Bathroom II features a solid wall made of moss rock which becomes a seven foot waterfall that plunges into the granite, rock and ceramic tile bathtub/pond. A multi-person shower room connects with the main tub/pond and the whole is covered by a steel reinforced wall with tranluscent sheets of clear plastic coated with nontoxic sealant to give a dynamic, aquatic ambiance. The experience is as if you are in the underside of a giant cresting wave, "shooting the tube" in surfer terminology, and the wave is suddenly frozen in action. All materials are waterproof. To enter the shower/bathing area one pivots a colored glass mural from the toilet and sink area.

Much of the floor, at ground level, is painted a sky blue to express a sense of expansiveness. In-floor glass blocks are lit by hidden bulbs. The floor design is formally integrated with the overall scheme. Just as all of nature's creatures and their habitats are a continuous whole so the individual elements of human design are essential as constituent parts of a structural whole. Every structural element of the Tsui Design and Research building is a continuous extension of those parts that support or are supported by it. In other words, the four story building acts as an integrated unit dispersing stress and strain loads and transferring them uniformly around the entire structure rather than to static points. Structurally speaking the building behaves like a living, dynamic organism instead of a static, geometric box.



Aerial view of the TDR Inc. Headquarters model showing the roof plan.


All interior walls are made of galvanized, 3.4 rib-lathe sprayed with a cellulose (recycled newspaper) and water-based glue compound. The labor savings using this method are tremendous. 5000 square feet of compound curved surfaces and fluctuating arcs where covered in 2 days. Such a task would require at least six to eight weeks using common troweled-and-floated plastering methods. Conservative estimates approximate the cost savings by up to two-thirds of conventional bids. Added benefits include the acoustical and insulative value of the cellulose material. Three inches of cellulose attains an R value of 16+. Three inches of the same material has a decibel absorption rating of many decibels higher than plaster. The material does not ignite and retains its strength after being thoroughly soaked by water. Some areas are again coated with a durable protectant.

The Tsui Design and Research facility is a self-sufficient prototype for office/school environments and a forum for experiments in structure, materials and methods of construction. The overall plan is previously designed but the specific materials and construction methods are purposefully left open to the implementation of new ideas and developing materials that may just have been discovered. This spontaneous decision-making process allows for the most effective applications of new materials. It readily accommodates the acquisition of new information without the customary rigidity and obligations normally involved in construction documents and the in-field building process.

One of the most dramatic and striking features of the office design is the south and north-facing opening roof panels and retractable membrane (tent) structure which encompasses the east and west side of the building. The desire here was to liberate the inner sanctum of space and infuse it with a profusion of sunlight--bring the heavens into the building and let the building reach upward and outward to the surrounding cosmos. This is created by the use of translucent, hinged panels made of marine-grade fiberglass treated with a ultraviolet coating. The hinged panels are manually operated through a mechanism of gears. The panels act as deflectors of breeze and help dissipate stagnant heat by offering a way of escape from the interior. Simultaneously they also function as sun visors to help regulate sun and heat buildup.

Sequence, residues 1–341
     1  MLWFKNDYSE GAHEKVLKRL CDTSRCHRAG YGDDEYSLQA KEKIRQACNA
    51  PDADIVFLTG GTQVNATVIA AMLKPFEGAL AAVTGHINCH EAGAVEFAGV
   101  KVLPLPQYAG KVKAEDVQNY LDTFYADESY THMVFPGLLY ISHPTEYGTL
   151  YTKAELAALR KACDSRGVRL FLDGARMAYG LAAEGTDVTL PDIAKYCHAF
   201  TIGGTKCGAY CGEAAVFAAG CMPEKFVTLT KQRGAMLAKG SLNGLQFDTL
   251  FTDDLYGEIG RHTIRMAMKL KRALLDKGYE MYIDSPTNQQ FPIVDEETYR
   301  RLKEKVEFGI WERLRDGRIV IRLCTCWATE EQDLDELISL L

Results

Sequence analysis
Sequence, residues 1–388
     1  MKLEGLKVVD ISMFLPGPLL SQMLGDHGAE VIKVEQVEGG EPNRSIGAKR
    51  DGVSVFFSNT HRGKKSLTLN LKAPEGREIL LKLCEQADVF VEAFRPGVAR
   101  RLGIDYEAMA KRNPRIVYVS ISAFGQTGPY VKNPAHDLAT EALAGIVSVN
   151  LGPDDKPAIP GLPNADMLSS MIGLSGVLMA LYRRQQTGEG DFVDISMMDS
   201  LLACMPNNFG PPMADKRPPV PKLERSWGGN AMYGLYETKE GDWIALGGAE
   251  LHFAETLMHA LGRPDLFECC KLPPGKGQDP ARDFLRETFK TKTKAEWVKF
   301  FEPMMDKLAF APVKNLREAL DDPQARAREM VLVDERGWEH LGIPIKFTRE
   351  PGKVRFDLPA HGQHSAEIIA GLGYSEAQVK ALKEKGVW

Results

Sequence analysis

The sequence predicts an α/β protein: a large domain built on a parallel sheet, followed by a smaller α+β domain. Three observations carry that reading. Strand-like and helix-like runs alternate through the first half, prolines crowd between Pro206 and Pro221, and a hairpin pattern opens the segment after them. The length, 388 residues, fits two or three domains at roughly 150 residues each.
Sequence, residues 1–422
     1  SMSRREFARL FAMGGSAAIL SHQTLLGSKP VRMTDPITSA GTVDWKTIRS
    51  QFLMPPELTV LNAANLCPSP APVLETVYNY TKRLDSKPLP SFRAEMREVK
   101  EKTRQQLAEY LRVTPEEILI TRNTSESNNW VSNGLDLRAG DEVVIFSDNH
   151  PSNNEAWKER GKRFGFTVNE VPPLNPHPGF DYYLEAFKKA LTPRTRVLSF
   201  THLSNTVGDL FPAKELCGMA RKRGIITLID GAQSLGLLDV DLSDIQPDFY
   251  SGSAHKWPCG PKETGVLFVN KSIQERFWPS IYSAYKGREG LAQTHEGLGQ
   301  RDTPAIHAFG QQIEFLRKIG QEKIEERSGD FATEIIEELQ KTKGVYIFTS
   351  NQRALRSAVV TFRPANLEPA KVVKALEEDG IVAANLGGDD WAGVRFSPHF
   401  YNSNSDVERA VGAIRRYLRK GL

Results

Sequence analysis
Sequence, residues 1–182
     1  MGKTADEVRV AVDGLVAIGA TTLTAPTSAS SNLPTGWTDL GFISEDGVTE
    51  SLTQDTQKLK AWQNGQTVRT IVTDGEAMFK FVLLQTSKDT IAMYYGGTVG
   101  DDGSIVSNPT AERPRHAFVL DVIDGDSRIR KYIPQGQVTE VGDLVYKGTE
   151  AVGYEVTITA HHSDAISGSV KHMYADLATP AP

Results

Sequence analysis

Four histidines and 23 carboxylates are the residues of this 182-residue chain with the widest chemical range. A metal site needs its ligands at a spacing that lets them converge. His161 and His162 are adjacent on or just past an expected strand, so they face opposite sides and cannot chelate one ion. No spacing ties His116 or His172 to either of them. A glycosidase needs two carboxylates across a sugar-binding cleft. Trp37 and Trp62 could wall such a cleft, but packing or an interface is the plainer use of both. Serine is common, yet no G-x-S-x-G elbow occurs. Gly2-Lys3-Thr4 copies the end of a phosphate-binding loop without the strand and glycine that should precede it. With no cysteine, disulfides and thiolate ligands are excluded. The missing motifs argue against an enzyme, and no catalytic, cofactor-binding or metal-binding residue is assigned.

Northwest aerial view of the TDR Inc. Headquarters model.


The retractable roof structure acts in much the same way that a convertible car roof acts upon the passengers of an automobile. The desired effect is simply that of opening the interior workings of the building to expose everything to the great warmth of sunlight. In this way the internal spaces become expansive like the great outdoors, illuminated with great draughts of space and brilliance. At times sunglasses become a standard tool of choice and the office as actively invigorating as any sun-drenched beach.

The frontal conference cocoon serves as the all-pervasive "eye" of the street. This aerodynamic structure cantilevers prominently over the street below. The structure is assembled with a series of curved trusses which, in unison, form the outward shape of the room. Made of reinforced, lightweight concrete with an interior spray-on cellulose material for insulation, the room's upward inclined walls lend a gracious sense of expansiveness and security. A walkway bridge leads from the helical stairway of the exhibition area to the entrance landing of the conference structure. Directly above this form rises the swimming deck and the retractable membrane roof. During the hot summer months this tent canopy is raised by a series of pulleys to let sunlight directly bath the lower workroom area and the upper patio deck.

The exterior walls of the building give the countenance of an exploding star cluster expanding outward from the central 20 foot waterfall immersed over a curved sheet of reinforced glass. This waterfall is recycled throughout the entire building. A series of parabolic reflecting mirrors at roof level focus intense sunlight on a small diameter clear tube with water running through it. The heat kills the bacteria in the water as it passes through the tube. The water then is gravity fed down the various levels of use; toilet water, running tap water, plant water, etc. finally reaching the east waterfall to begin the cycle again.

This integrated water system is an example of seeing the architecture as a living organism. Knowing that a strong environment of biodiversity is essential to continued vigor in an ecological system the selection of water habitats, plants, fish, vegetation and trees linked to the interior and exterior environment of the office would become, in theory, a self-governing life replenishing system of its own.